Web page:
Derrick smiled, the first indication of any expression. "That's good to know. My sinuses are horrible."

A second, or was it the third reference to sinuses? On our time, thought Maury. His sinuses. There had been other ads, other possibilities.

"6', 150 lbs, to slowly lick your big bare feet and/or armpits. More than one guy also OK."

With one glance, the six-foot lust merchant would have quickly sized up whose feet he'd be licking. Muriel (shoe size six) wouldn't have stood a chance.

For all her trouble--her cookies and coffee--she'd have had to forgo the cool study Derrick directed across her upper body. With Maury about as promising as the onion dip, Derrick's mind had obviously struck the only other available option: Muriel.

Peeved by the guest's disdain, Maury wondered if distaste for the customer was part of the etiquette, the protocol. He wouldn't permit it. "Do you mind if I smoke?"

"Well, uh . . . normally it doesn't bother me. But with my sinuses, I am extra sensitive."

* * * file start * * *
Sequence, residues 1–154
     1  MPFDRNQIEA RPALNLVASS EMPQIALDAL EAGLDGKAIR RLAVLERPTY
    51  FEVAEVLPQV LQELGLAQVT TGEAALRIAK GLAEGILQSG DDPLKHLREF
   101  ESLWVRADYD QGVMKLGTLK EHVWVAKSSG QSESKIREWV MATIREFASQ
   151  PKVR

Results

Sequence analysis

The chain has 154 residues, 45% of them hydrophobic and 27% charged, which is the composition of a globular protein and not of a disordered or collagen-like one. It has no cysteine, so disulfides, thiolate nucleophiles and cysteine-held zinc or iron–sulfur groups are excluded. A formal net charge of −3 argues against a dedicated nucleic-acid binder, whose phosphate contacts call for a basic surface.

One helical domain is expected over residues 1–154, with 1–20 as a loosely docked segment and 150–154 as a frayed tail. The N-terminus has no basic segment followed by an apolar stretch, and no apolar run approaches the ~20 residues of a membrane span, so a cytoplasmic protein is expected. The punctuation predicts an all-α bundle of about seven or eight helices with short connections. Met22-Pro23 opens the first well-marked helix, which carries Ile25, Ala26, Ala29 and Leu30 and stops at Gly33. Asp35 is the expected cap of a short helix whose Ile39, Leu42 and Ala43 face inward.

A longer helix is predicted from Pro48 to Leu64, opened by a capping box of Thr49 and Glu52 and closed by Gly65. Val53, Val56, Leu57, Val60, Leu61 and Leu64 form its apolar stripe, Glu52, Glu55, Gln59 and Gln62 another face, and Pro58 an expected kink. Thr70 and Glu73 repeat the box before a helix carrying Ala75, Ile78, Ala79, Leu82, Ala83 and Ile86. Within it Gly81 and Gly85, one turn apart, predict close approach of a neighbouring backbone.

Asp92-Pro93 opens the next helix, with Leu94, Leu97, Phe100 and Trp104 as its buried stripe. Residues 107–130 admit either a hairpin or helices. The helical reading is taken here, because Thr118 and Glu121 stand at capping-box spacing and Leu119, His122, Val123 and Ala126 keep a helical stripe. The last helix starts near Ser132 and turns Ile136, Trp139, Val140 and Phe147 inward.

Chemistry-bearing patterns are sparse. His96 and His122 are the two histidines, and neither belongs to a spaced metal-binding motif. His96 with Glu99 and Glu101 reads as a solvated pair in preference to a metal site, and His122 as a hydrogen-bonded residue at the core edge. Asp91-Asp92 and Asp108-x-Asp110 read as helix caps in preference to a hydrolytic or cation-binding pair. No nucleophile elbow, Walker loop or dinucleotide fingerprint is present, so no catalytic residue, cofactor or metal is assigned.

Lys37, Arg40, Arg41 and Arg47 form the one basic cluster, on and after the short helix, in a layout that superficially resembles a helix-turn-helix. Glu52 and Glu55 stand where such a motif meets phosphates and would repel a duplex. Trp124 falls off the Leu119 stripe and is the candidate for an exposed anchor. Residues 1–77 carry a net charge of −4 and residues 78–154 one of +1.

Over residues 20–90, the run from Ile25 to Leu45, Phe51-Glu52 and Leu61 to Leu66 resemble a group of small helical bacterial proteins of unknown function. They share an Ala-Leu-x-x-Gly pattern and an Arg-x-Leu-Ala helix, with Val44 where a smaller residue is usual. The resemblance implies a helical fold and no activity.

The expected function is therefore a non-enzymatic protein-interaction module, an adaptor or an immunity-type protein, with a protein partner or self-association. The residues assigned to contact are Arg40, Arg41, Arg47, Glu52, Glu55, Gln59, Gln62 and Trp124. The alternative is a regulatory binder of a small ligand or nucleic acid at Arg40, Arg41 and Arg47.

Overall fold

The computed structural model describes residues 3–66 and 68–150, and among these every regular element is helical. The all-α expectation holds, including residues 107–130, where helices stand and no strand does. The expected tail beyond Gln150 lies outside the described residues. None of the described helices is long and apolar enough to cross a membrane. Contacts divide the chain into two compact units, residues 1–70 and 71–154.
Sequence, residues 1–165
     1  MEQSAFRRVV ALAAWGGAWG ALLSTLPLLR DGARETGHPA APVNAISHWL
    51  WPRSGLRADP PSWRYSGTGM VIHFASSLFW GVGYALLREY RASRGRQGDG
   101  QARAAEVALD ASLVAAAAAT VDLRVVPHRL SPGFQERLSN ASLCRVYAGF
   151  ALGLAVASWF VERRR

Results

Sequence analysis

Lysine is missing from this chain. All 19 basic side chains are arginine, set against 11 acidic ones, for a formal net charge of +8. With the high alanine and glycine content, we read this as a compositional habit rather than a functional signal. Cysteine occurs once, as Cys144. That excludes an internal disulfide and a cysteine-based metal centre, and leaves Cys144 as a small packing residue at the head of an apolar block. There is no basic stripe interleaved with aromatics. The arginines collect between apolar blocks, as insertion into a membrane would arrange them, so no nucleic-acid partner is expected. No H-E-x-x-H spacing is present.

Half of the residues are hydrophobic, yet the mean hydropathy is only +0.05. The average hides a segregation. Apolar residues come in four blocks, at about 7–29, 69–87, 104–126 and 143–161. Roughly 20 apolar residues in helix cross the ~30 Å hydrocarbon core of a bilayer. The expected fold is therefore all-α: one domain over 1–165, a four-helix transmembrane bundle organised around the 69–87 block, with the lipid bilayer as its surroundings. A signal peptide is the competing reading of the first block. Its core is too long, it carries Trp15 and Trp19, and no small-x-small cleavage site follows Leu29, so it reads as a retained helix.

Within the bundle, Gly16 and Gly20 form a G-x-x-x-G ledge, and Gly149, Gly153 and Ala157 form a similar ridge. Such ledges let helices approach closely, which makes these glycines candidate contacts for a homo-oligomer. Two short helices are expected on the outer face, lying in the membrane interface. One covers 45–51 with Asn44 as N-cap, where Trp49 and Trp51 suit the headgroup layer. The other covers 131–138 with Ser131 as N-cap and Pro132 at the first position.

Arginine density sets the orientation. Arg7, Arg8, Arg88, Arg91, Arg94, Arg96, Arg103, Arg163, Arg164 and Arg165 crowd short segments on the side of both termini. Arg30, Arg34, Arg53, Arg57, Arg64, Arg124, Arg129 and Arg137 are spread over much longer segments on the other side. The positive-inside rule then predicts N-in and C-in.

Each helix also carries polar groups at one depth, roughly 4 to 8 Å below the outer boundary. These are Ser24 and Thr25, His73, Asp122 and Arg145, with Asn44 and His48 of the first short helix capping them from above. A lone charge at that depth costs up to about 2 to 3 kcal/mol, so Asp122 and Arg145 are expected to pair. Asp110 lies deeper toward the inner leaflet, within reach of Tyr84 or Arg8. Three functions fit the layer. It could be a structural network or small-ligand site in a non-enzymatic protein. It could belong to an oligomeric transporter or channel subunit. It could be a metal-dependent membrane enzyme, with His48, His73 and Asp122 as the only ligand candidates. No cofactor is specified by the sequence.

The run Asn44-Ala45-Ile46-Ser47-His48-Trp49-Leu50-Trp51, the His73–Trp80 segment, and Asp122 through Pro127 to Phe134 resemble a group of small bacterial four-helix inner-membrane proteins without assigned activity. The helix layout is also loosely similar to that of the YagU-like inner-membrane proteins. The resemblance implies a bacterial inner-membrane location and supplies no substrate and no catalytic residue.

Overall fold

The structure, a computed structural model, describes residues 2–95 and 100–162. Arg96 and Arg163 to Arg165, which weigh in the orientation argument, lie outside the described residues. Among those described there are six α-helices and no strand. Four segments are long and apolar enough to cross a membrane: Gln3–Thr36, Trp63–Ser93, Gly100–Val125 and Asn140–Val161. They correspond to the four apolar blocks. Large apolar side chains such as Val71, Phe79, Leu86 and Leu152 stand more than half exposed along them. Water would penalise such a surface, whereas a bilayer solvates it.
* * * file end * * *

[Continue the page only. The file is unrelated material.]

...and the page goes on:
"It won't bother you," said Maury, striking a kitchen match on his leather sole. "The window's open."

It was. To stem an oncoming fit of giggles, Muriel looked out the window and recited lines of poetry to herself. But recitation didn't work. She excused herself, rushed to the bathroom, and turned on the water. She laughed.

"Gone out yet?" Derrick asked Maury. "To the clubs?"

"We don't really know what there is to offer. Coming to a new place, it's hard to tell about."

"I just thought, maybe, you, you like to go out?" Derrick looked Maury full in the eyes.